What do the accusations have in common? “The systematic exploitation of young girls and women who often are poor, vulnerable, ignored and silenced,” wrote Roxanne Jones. “Each of these cases points to a disturbing story of just how easily justice is denied to certain women in America, and how invisible these women remain – often in their own communities – despite all the high-profile marches and equality movements.”
Raul Reyes wrote that Trump’s Labor Secretary, Alexander Acosta, needs to resign: he was the Miami US Attorney who cut the deal–kept hidden from Epstein’s victims– that let Epstein dodge a life sentence. Epstein served just 13 months in the private wing of the Palm Beach County jail. A federal judge recently ruled federal prosecutors broke the law on Acosta’s watch. Acosta’s betrayal is “worthy of bipartisan outrage and should offend every American father and mother,” Reyes wrote.
Bernie Sanders has a problem
CNN’s town hall with Senator Bernie Sanders on Monday night showed him picking up where he left off in 2016, Errol Louis wrote. But his talking points about income inequality, health care, education and corporate greed—are now Democratic boilerplate. “It’s not that Bernie went centrist; instead, the center moved toward him.” Can he persuade voters he’s the best salesman for ideas now copied by others?
And those Democratic ideas—like the Green New Deal and Medicare for all– cost money, wrote libertarian economist Jeffrey Miron and Laura Nicolae. With huge debt levels, “restoring fiscal sanity in the United States requires significant cuts to federal entitlement spending.”
On Friday, Washington’s Gov. Jay Inslee became the 13th Democrat to throw a hat in the ring for 2020. Noting the huge Democratic presidential field, along with the 14 candidates who ran in Tuesday’s mayoral election in Chicago and the 17 who vied for public advocate in New York, Jill Filipovic saw encouraging signs of America’s “move away from political apathy”
2019’s jaw-dropping Black History Month
February, a month ordinarily devoted to celebration and reflection on black history, this time delivered a “dizzying national reckoning” on racial reality, wrote historian Peniel Joseph: “Politicians in blackface, a white actor who confessed to murderous racist impulses, a black actor who,” authorities say “faked his own hate crime, films about race touching off a firestorm at the Oscars and white fragility about confronting racism unfolding in real-time in the House of Representatives during the Michael Cohen hearing.”
That last comment referred to Republican Rep. Mark Meadows asking HUD official Lynne Patton to stand behind him during the Cohen hearing to somehow prove that Trump is no racist. Rep. Rashida Tlaib rebuked him for using a black woman as a prop. Meadows’ indignant self-defense, wrote Kashana Cauley in the New York Times, might have been more convincing if not for his repeated comments in 2012 about sending President Obama “back home to Kenya.” Tlaib apologized, but she got it right the first time, Cauley said. (It was left to Rep. Elijah Cummings to calm the waters after the flare up, a rare moment of “civility and grace in Washington,” noted Jen Psaki.)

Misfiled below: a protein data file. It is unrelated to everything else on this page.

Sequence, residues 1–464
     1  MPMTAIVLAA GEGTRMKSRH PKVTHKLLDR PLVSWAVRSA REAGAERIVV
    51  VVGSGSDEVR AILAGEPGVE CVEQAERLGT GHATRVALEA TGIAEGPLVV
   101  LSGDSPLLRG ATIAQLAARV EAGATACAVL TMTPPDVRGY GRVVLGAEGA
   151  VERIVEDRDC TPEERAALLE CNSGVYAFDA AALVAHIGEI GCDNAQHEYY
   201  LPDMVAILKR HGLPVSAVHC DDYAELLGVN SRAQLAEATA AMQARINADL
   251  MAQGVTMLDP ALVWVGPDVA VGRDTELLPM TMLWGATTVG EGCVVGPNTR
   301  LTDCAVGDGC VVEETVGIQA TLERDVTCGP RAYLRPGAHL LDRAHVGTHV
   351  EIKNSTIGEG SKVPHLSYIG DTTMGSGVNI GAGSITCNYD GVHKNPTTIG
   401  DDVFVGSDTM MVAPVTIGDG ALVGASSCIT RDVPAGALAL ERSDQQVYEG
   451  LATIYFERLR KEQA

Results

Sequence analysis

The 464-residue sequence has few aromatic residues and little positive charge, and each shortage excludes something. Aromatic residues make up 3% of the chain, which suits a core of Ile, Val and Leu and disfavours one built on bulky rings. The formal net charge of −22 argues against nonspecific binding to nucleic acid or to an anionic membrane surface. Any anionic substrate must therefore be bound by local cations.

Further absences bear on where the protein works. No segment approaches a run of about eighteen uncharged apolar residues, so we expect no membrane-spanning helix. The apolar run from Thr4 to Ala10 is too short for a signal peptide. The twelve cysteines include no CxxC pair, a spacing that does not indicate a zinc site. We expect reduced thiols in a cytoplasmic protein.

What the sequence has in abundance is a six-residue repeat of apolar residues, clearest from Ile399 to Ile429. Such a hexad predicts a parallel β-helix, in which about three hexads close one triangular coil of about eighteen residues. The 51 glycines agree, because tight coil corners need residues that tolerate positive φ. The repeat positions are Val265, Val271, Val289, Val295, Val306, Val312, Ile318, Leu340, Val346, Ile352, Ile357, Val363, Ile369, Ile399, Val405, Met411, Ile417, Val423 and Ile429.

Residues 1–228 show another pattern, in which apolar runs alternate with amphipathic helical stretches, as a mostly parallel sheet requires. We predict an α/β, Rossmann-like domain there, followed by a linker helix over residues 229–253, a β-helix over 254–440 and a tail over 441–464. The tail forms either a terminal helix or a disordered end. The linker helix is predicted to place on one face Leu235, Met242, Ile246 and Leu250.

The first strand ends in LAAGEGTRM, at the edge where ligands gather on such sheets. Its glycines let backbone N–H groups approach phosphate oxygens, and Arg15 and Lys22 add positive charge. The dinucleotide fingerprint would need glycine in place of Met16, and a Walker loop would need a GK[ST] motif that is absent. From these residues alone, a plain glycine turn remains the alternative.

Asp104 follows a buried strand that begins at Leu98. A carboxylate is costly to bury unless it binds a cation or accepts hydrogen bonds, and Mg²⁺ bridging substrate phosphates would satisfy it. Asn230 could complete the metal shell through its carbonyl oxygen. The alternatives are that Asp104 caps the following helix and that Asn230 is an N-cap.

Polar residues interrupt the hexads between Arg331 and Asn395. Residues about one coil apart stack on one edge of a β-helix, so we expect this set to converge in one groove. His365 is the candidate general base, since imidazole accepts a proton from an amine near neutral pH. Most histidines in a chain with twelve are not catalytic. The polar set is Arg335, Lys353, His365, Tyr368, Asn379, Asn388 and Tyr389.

Oscars’ ‘Green Book’ backlash
A road film about an erudite black pianist and the coarse, big-hearted white man chauffeuring him through the segregated South in the early 1960s beat out the edgier “BlacKKKlansman” and the box-office smash “Black Panther”–and many were not happy, wrote Gene Seymour. “Simply put, a vote for ‘Green Book’ represented relative safety and reassurance, while either ‘Black Panther’ or ‘BlacKKKlansman would have signaled the opposite: a bolder, brasher and more assertive reflection of Hollywood’s changing racial profile.” Upside? Spike Lee won for best adapted screenplay and Ruth E. Carter and Hannah Beachler were the first African Americans to win Academy Awards for costume and production design respectively, both for ‘Black Panther.’ “You want evidence of change? Here’s a hint: It’s not always staring at you from the screen,” wrote Seymour.
Others were less sanguine: “’Green Book’ is the worst best picture Oscar winner since ‘Crash,’” wrote Justin Chang, in the LA Times: “a shopworn ideal of racial reconciliation propped up by a story that unfolds almost entirely from a white protagonist’s incurious perspective.”
Not happy about your job?
Even people who make big bucks can hate their jobs, as Charles Duhigg wrote in a New York Times Magazine piece headlined: “Wealthy, successful and miserable.” That’s not new, wrote Peggy Drexler. So why does it seem worse today? The stakes are higher, as are the expectations. And “an era of self-care and self-empowerment has led many to believe they are entitled to have it all,” she said. What to do? Seek meaning elsewhere: “family time, volunteering. Assign meaning to more than work.”
Don’t miss these:
• Holly Thomas applauds Emma Thompson for pulling out of an animated film after its production company hired John Lasseter—accused of sexual harassment while he was at Pixar–as animation chief.
• Jeffrey Sachs, on the case for the new Medicare for All bill.
• Michael Zeldin and Julian Zelizer, on why America may not get the answers it seeks from special counsel Robert Mueller’s report.
Sign up to get this weekly column as a newsletter.